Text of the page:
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Summer Forecast: Part I. The Memorial Day holiday and the unofficial start of summer is a good time to take a look at what our elected (and unelected) policymakers in Washington, D.C., will be working on during the final six months of 2022. This week, the Buzz will discuss potential legislative developments in the U.S. Congress. Next week, we will check out the regulatory landscape (maybe the 2022 Spring Regulatory Agenda will be released before then?). Set forth below is the Buzz’s labor and employment policy legislative forecast for the summer and beyond.

Congress was out this week, but it returns the week beginning June 6 with a lot on its plate and legislative time at a premium. President Biden and the Democrats are looking for more legislative victories while they still enjoy a majority in Congress, but our lawmakers are currently scheduled to spend most of both August and October in recess. Time is running short. As in most years, work on must-pass legislation—such as funding for the federal government and the armed services—will occupy much of Congress’s time and resources. Congress will also be focused on issues such as the war in Ukraine, the renewed debate around gun policy reform, ongoing inflation, and continued supply-chain issues. Will there be any room for labor and employment legislation? Let’s take a look.

  • Pregnancy accommodation. The Pregnant Workers Fairness Act (H.R. 1065/S. 1486) is waiting for a vote on the floor of the U.S. Senate. The bill enjoys significant bipartisan support (ninety-nine Republicans voted for it in the U.S. House of Representatives!) as well as business community backing. Simply put, there should be enough bipartisan support to send this bill to President Biden’s desk before the year is up.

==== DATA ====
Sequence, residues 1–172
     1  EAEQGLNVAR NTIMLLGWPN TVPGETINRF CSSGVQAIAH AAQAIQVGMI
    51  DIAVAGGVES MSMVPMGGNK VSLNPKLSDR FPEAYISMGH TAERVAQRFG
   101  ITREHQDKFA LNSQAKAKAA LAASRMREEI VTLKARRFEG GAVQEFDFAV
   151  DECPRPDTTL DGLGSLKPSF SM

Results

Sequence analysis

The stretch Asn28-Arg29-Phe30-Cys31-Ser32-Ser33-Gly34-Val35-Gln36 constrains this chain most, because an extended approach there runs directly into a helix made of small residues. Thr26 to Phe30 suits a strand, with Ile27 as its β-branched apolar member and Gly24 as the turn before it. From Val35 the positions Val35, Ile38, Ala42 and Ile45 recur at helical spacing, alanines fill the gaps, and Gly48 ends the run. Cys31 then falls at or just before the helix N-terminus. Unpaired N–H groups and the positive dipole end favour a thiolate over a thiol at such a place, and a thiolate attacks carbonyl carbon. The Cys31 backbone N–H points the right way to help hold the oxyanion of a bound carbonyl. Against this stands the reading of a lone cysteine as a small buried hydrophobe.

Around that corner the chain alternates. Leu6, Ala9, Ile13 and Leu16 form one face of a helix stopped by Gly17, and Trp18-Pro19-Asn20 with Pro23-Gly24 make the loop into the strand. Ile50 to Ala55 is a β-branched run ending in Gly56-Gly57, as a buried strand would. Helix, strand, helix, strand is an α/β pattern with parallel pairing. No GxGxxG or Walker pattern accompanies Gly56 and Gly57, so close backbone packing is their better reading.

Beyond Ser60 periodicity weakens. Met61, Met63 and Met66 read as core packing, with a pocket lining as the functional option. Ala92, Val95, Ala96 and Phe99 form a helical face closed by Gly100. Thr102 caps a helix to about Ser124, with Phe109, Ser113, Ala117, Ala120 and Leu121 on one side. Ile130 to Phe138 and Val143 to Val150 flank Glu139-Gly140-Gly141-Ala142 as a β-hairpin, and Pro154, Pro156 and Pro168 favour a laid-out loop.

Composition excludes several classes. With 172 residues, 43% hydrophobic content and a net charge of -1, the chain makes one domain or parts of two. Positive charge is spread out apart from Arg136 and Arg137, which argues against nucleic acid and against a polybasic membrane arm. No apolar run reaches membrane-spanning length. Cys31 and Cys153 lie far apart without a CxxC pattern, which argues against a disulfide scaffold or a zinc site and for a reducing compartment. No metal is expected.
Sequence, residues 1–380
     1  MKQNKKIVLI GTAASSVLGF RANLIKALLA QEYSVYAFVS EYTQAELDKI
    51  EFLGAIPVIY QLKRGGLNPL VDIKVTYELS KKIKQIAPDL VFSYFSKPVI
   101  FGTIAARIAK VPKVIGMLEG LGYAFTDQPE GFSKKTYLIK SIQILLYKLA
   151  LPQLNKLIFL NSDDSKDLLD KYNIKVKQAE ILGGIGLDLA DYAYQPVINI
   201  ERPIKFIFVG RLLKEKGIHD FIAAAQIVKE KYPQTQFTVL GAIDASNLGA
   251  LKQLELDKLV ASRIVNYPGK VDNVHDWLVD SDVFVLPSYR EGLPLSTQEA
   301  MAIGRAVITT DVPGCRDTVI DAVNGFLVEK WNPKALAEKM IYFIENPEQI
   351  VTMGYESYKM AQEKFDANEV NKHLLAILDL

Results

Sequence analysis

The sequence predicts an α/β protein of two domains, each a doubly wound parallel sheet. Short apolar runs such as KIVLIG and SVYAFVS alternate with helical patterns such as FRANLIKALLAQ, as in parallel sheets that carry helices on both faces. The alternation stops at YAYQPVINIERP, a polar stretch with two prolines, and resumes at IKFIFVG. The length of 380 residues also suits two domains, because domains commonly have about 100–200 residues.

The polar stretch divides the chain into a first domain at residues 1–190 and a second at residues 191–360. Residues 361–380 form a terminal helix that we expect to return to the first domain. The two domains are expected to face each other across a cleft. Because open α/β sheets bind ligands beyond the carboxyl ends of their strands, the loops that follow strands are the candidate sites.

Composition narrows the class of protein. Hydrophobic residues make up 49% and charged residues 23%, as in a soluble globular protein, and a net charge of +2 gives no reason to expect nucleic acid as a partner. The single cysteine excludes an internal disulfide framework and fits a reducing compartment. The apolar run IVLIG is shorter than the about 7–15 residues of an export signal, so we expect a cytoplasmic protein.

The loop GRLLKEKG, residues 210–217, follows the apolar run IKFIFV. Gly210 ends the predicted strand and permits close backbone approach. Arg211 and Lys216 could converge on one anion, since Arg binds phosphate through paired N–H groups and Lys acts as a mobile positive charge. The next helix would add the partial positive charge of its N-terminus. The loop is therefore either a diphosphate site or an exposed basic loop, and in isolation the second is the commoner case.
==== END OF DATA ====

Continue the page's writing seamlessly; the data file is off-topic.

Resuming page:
• Antidiscrimination. The Creating a Respectful and Open World for Natural Hair Act of 2022, or “CROWN Act” (H.R. 2116), would prohibit discrimination on the basis of hair texture or hairstyles that are associated with a particular race or national origin. The bill passed the House in March 2022 with fourteen Republican votes in favor of the legislation. While passage of a related bill in the Senate may still be a challenge, the measure (S. 888) has a chance. Multiple local jurisdictions have passed similar laws.
  • Immigration.

Congress: You Have Mail. Email came to Congress twenty-nine years ago this week. On June 2, 1993, Representative Charlie Rose (D-NC), chairman of the Committee on House Administration, announced the creation of a pilot “Constituent Electronic Mail System” for the U.S. House of Representatives. While Rose was known for championing North Carolina’s agricultural interests, he also played a significant role in bringing new technologies to Congress. For example, Rose was a proponent of televising congressional activities and bringing computers and fiber optics to Congress. Understandably, the House’s first foray into electronic communications with constituents underestimated how popular the use of email would become. Rather than providing an email address to each participating member, the pilot had one generic email address:

Stay tuned for the Buzz’s Summer Forecast: Part II, coming next week.


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Ogletree Governmental Affairs, Inc. (OGA), a subsidiary of Ogletree Deakins, is a full service legislative and regulatory affairs consulting firm, dedicated to helping clients solve their problems with the public sector. OGA unites the skills and experience of government relations professionals with the talent of the Firm’s lawyers to provide solutions to regulatory issues outside the courtroom.

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